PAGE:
Differences Between Living in the US and the UK | American Travel Blogger
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Differences between living in the US and the UK

Differences Between Living in the US and the UK

This post is written by Victoria Brewood of Pommie Travels.

I’m from Manchester in the UK, but somehow always grew up with a desire to live in the US. I’m not sure what gave me this crisis of national identity, but it could be all those American movies and episodes of The OC I watched growing up. You see, the US is the centre of the movie industry, and so throughout the world, we’re all very familiar with American culture. Anyway, over the years I’ve therefore spent a lot of time visiting the US, and here are some of the main differences between living in the US and the UK:

Groceries are way more expensive in the US

Groceries US vs UK

The UK has plenty of budget supermarkets, from no-frills stores like Lidl and Aldi to superstore giants such as Tesco and Asda. Supermarket food is cheap and affordable, making it far more economical to cook at home than it is to eat out in a restaurant. In the US I’ve found the price of groceries to be a lot more expensive – the only place I’ve discovered so far that’s super reasonable is Trader Joes.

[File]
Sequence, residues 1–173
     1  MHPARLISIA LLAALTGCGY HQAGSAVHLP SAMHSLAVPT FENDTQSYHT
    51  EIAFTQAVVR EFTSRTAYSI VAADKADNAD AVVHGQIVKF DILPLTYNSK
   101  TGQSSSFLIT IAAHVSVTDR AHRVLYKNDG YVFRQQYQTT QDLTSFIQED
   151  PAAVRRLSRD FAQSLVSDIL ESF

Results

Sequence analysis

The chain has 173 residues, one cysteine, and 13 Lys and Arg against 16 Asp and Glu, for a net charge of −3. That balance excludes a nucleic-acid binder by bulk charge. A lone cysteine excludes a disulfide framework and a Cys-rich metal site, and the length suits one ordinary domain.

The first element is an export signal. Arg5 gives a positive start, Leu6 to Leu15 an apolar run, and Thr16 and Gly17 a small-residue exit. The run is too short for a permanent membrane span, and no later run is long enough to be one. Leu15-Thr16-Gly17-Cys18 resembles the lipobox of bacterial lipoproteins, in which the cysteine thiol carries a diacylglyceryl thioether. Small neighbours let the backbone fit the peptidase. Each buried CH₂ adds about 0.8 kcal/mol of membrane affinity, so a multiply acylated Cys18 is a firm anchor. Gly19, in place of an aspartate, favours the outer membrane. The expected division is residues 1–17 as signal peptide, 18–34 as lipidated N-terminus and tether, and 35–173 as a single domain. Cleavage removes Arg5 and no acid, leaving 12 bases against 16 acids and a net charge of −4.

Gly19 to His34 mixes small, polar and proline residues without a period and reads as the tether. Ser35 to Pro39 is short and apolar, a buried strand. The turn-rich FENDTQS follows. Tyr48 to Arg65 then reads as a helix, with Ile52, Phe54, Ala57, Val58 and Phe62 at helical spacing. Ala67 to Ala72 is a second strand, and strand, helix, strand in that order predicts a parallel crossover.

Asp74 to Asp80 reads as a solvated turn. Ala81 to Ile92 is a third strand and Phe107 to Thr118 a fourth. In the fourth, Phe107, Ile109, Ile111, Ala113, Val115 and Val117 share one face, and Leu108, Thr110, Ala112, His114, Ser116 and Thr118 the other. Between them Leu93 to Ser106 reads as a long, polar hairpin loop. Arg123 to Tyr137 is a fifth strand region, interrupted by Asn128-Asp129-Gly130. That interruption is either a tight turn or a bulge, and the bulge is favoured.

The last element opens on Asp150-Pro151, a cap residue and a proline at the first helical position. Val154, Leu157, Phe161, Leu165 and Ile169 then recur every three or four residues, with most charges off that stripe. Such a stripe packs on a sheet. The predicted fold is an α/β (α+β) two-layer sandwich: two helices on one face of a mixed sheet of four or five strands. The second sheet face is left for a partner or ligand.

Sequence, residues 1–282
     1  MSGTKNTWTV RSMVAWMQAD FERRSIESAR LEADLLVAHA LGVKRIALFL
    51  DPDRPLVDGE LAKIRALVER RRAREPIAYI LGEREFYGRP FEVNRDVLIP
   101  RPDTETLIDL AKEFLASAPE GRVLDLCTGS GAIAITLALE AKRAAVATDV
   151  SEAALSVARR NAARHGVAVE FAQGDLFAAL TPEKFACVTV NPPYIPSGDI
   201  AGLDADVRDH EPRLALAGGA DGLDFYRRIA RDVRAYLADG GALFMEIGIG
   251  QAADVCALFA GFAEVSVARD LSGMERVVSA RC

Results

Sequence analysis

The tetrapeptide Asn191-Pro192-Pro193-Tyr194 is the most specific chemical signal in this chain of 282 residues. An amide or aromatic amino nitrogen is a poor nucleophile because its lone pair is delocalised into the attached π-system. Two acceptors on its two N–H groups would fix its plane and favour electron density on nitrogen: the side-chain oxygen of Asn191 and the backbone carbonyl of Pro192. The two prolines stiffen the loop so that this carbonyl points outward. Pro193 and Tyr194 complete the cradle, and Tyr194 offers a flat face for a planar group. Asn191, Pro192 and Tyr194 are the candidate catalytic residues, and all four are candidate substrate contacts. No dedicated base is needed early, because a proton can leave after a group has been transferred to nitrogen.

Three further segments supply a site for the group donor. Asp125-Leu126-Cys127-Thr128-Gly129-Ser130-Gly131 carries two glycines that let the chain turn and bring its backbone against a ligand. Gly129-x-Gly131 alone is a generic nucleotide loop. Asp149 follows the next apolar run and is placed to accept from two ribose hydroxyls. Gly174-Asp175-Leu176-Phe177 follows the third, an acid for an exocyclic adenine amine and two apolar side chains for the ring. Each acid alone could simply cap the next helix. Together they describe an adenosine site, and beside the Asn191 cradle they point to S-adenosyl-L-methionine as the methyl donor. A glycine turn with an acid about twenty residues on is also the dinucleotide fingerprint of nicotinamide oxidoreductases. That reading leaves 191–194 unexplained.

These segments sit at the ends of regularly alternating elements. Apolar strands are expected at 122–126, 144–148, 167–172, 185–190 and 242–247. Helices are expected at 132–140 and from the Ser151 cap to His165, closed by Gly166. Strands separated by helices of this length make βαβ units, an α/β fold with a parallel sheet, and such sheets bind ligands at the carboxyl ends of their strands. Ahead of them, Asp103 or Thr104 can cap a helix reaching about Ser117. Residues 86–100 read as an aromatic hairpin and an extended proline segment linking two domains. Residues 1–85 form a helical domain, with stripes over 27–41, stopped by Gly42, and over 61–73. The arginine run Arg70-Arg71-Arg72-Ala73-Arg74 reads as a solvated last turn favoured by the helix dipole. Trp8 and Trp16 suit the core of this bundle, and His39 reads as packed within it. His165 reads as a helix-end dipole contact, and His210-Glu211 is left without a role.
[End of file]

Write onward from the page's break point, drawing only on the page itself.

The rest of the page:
And don’t get me started on Whole Foods prices…almost enough to give me a heart attack. Particularly if you go to that self serve deli counter where you’re charged by the weight.

There isn’t the same tipping culture in the UK

Go out for a meal in the US and you have to tip around 20%, unless you want the server to chase after you and ask you why you haven’t. The argument is that wages are low for restaurant staff in the US, so customers must tip for the service. The problem is that it’s become almost compulsory to tip, whether the service is actually good or bad. So when you go out for a meal you have to factor in not only the tax, but also the tip, which gets pretty expensive. This means I’m more inclined to want to cook at home, or only choose fast food restaurants where I can get something to take away.

In the UK, however, tipping is less of a “thing”. You might leave a few quid on the dinner table in a nice, fancy restaurant. But on the whole there’s no pressure to tip after the meal. Having said that, I have noticed some restaurants (particularly in London) are starting to add on a discretionary 12% service charge automatically to the bill. If you’re not too ashamed of doing it you can ask to have this removed and nobody would really argue with you about it. They may hate you a little bit inside (or spit in your food), but they’ll be super British and polite about it.